Captain Fantastic – Film Review by Emily Elphinstone
Director: Matt Ross
Writer: Matt Ross
Stars: Viggo Mortensen, George MacKay, Samantha Isler
Captain Fantastic may sound like yet another super-hero film, but refreshingly it presents a very different, intensely human hero; captain only to his close-knit family. Ben Cash (Viggo Mortensen) is the man in question, raising his six children deep in the forest-covered wilderness of Washington State; living at one with nature by hunting and foraging for food, their home made of wooden huts and communal tepees.
Far from being an idealised view of family life in the woods, there is as much military-style fitness training and academic study, as there are sing alongs around the campfire and dawn yoga. But the real drama comes when the family are forced to enter ‘civilisation’. Introducing the children to the outside world for the first time, the family must travel to New Mexico in their camper van (named ‘Steve) to attend, or prevent, their mother’s funeral; which is being organised by her parents (Frank Langella and Ann Dowd) at odds with her final wishes. The children may be versed in multiple languages, politics, and quantum physics, but they’re lacking in social norms, leading to a struggle to interact with their computer fanatic cousins, and leading to one of the highlights of the film as oldest son Bodevan (George McKay) has his first kiss and promptly proposes marriage.
Alongside some powerful performances from the young cast, Viggo Mortensen steals the show in a role he was surely born to play; balancing his incredibly strong ideology against an increasing vulnerability, and fear that his beliefs have caused more harm than good. Frank Langella gives a powerful performance as father in law Jack, struggling to understand the alternative way of life, and blaming Ben for his daughter’s death.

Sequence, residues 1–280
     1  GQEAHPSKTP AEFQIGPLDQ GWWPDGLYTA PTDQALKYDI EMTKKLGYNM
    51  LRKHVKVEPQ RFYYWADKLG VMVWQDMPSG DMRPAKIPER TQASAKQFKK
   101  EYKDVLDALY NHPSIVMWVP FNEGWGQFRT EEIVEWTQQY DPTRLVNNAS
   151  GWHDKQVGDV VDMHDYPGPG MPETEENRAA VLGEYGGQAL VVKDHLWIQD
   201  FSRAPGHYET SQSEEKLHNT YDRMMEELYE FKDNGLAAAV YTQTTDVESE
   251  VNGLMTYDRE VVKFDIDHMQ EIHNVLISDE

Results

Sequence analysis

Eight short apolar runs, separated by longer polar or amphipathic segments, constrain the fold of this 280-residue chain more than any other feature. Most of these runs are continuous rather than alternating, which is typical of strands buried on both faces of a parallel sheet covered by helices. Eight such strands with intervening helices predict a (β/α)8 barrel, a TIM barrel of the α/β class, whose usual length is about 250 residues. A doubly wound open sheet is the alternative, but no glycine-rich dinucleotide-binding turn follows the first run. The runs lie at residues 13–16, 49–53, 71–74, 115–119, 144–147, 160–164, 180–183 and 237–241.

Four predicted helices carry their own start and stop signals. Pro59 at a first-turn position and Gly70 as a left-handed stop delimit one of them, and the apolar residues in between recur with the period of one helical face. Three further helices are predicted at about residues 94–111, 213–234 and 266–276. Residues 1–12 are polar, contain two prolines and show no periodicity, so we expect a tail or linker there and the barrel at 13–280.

Writer/Director Matt Ross (better known as Gavin Belson in Silicon Valley) refuses to play the extremes of clashing ideology for laughs, instead giving understanding to both sides equally rather than issuing judgement. This leaves the audience space to consider the complexities of belief systems, modern living, and raising children, without attempting black and white answers. With echoes of Little Miss Sunshine, the film balances a refreshingly original independent movie story, with stunning production values from cinematographer Stéphane Fontaine (A Prophet) editor Joseph Krings, and production designer Russell Barnes. You’ll laugh, you’ll cry, but mostly importantly you’ll be thinking and talking about it long after. With the number of new releases nowadays it is often hard to find one that will truly stick in the mind; but Ross’s film certainly lives up to the title. Fantastic.